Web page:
2.  S. Hilary (lib. 8, de Trin.) more correctly and appositely; The Father, he saith, hath sealed the Son, not in the Divinity, by communicating to Him His own Godhead, but in the Humanity, since He hath united it to the Word, and hath communicated to it the Divinity of the Word. For a seal, he says, is wont to be impressed upon a different substance, which is called the impression. So the Humanity is sealed by the Divinity of the Son. So also Augustine: and from him Toletus saith, “Because the Son, who is the image and character of the Father is united to the Humanity, therefore the Humanity is said to have the seal and character of the Father.”

3.  S. Chrysostom and many others say, The Father hath sealed the Son, i.e., by the voice from heaven at His baptism, This is My Beloved Son. He showed and demonstrated by His miracles, as seals, that He was His very Son. And He confirmed Him as the promised Messiah, who was able to impart convenient Food to all who desired eternal life. It comes to the same meaning if you interpret sealed to mean gave authority, because we are wont by impressing a seal to give credit and authenticity to letters.

This sense is easy and plain, but the second meaning is more solid and sublime. This third meaning flows from the second, and completes and perfects it. For the Father by His own voice and miracles, which are as it were His seals, has testified to man that He has sealed the Humanity of Jesus with the Divinity of the Word, and has impressed upon it the form of His own Divinity, that is, has testified that this Man Jesus is true God, and the Son of God, so that He may give and gain for Him among men, authority to teach, to enact laws, and to found a new Church. Wherefore the Gloss says, He hath sealed, i.e., He hath set Him apart from others by His own sign.”

Joh 6:28  They said therefore unto him: What shall we do, that we may work the works of God?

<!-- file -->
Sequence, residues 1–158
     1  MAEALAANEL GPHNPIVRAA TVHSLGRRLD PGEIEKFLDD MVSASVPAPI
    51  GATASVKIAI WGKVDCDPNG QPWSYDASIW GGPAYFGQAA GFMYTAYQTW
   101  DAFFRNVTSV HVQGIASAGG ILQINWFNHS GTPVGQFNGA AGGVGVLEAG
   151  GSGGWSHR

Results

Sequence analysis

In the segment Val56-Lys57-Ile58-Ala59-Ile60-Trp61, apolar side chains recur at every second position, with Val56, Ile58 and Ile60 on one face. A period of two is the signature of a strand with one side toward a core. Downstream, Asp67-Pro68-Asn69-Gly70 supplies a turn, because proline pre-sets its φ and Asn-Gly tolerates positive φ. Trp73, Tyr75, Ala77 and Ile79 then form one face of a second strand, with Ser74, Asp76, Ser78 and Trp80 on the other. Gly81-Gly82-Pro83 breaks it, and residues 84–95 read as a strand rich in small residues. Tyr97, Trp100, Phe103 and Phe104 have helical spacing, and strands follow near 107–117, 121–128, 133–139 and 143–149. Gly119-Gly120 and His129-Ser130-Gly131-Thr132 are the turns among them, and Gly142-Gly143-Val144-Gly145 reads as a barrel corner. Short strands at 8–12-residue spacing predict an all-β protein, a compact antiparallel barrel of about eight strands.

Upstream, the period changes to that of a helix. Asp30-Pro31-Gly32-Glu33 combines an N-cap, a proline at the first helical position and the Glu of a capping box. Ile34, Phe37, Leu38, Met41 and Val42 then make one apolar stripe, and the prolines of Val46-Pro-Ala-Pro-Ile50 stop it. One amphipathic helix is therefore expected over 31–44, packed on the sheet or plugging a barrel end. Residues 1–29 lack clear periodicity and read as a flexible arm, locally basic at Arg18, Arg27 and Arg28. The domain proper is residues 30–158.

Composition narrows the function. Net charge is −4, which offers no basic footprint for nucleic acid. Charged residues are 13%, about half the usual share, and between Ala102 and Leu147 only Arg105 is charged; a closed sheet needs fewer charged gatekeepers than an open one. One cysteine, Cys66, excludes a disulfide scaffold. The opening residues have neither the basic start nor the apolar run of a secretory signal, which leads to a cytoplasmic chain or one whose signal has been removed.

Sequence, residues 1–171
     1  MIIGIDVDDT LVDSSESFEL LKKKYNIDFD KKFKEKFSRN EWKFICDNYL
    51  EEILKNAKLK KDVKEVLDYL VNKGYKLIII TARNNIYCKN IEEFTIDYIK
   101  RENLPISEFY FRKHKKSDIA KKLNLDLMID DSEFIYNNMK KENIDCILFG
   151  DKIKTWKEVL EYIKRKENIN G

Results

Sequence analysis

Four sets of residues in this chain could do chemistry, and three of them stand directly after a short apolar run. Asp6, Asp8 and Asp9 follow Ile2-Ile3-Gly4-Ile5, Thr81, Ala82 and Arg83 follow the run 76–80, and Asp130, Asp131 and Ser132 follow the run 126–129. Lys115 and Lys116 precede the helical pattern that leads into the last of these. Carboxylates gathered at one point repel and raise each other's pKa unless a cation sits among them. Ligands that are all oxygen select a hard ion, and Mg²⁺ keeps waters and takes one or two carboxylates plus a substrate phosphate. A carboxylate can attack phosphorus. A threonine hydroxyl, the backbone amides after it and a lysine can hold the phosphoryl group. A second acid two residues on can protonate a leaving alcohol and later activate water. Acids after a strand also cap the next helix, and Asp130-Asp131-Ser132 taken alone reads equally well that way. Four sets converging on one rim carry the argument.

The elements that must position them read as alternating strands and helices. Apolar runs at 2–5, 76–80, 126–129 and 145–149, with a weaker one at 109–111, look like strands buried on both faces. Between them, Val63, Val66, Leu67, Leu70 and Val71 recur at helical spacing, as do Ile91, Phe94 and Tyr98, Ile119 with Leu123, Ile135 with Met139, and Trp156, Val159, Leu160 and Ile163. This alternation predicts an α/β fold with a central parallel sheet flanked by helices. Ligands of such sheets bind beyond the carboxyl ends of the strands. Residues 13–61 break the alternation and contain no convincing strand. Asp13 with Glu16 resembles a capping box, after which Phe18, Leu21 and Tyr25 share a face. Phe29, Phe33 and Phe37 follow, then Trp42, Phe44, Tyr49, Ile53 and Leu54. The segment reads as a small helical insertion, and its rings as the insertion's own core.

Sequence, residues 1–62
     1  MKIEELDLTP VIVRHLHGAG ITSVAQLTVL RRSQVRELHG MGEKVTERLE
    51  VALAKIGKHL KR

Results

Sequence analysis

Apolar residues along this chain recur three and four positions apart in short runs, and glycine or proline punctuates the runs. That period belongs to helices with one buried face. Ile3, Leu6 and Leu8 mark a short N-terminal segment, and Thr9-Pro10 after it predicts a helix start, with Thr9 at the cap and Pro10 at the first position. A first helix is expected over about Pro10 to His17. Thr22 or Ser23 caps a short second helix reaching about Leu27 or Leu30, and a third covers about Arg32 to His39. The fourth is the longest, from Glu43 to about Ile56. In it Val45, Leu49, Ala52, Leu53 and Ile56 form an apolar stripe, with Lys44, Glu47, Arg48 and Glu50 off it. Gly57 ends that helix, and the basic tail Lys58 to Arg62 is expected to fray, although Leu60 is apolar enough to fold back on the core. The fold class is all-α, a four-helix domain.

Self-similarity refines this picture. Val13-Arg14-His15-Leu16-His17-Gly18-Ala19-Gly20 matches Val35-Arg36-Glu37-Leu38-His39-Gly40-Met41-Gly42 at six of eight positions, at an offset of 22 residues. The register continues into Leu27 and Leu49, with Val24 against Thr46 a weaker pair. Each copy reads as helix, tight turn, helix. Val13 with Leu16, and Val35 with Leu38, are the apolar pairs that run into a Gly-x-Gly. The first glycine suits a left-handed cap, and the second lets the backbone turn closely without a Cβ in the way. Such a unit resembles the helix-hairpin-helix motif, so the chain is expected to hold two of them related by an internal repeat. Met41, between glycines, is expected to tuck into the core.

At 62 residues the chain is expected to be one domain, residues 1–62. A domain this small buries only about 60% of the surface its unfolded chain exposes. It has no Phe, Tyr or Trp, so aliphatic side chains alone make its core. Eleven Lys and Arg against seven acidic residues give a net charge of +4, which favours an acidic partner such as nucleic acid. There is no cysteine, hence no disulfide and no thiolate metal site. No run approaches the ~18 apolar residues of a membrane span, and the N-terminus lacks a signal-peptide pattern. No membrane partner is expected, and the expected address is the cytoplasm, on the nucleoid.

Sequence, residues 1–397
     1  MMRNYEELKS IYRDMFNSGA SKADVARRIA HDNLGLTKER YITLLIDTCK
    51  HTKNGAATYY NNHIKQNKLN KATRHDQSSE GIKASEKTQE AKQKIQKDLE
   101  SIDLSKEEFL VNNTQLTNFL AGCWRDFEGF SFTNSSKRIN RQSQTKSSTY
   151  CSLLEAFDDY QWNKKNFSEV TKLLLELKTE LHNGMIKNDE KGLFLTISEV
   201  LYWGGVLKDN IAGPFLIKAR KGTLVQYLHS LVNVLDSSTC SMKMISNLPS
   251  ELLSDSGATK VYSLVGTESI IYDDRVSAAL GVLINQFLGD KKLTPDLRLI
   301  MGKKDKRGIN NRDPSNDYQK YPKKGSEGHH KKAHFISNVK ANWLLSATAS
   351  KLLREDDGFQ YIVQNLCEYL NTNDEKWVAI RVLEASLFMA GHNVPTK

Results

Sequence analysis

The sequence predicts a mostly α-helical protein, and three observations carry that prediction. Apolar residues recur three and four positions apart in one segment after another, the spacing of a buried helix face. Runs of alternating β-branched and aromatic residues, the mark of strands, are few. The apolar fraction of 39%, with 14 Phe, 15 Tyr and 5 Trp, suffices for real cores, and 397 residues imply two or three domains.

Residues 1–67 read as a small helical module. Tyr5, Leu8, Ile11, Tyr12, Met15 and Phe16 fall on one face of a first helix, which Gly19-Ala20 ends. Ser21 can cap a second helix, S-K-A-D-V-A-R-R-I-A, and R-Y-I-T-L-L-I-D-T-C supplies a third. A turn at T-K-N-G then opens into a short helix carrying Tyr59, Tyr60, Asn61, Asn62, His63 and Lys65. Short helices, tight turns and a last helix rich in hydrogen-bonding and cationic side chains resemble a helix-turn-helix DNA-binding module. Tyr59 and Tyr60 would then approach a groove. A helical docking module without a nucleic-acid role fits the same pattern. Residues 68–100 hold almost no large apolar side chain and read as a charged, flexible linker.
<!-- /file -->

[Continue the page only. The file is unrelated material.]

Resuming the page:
They said, &c. Cyril thinks that the Jews asked this from arrogance, as being angry with Christ because He would have reproved them as being careless about their souls. As though they said, “Thou reprovest us for seeking after earthly bread and despising the Food of the soul. Tell us then what new work of God Thou affordest, by which we may please God and feed our souls, in addition to those works which Moses gave us to do, and wrote in the Pentateuch.”

But S. Chrysostom thinks they said these words out of gluttony, because they were again hungering after the loaves of Christ, with which they had been fed. That they asked what were the works of God, with which Christ wished them to feed their souls, not because they intended to do them, but because they would gain His good-will, and so invite Him to renew the multiplication of the loaves.

More correctly, S. Augustine and others think that the Jews spoke with a serious desire of doing these works. For many among them being stirred up by the doctrine of Christ, and stimulated by this miracle of the loaves, were desirous of salvation. Therefore they ask Christ what works they ought to work, by which they may obtain of God that enduring Food, which would nourish their souls, and bring them to eternal life. And Jesus answers sincerely their sincere question, and teaches them what were the works of God. This He would not have done, if they had not been in earnest.

They called then the works of God, not only those which were pleasing to God, nor those which are the food of the soul, nourishing it to eternal life, as Leontius thinks. For they knew by the Law of Moses what works were pleasing to God. But by the works of God they mean those which He especially appointed and sanctioned by Jesus, whom He sealed, that by them they might obtain that spiritual Food of which Jesus preached, which nourishes us, and brings us to eternal life. For when they had heard that this was the Food of life eternal, and that God had sealed Christ that He might give this Food, they rightly call the works of God those which it was necessary to work in order to obtain this Food. And what they were they ask of Jesus, not doubting that He who had been so powerful and liberal in nourishing their bodies, could be equally, or rather, more powerful and liberal, in teaching them what it was, and supplying the Food of the Soul.

Joh 6:29  Jesus answered and said to them: This is the work of God, that you believe in him whom he hath sent.

Jesus answered, &c. Believe, i.e., in Myself, Who by so many arguments and miracles have proved that I am the Messiah sent by God. For the sake of modesty He speaks in the third person. As though He said, “That work by which ye will obtain Food from God to nourish the soul unto everlasting life, is to believe in Me. For I bestow this Food upon those who believe in Me. For I Myself am this Food.” This He says (verse 35).

That you believe, and believing, may obey Me, and observe My law and doctrine, and fulfil it indeed. Under the term faith, as a root, Christ and Paul understand all the works of charity, penance, temperance, and all other virtues which faith-stirs up and generates. Wherefore Theophylact says, “Faith assuredly is a holy and perfect work, and satisfies those who possess it. For diligent faith leads to every good work, and good works preserve faith. For works are dead without faith, and faith is dead without works.”

3 Responses to “Cornelius a Lapide’s Commentary on John 6:22-29”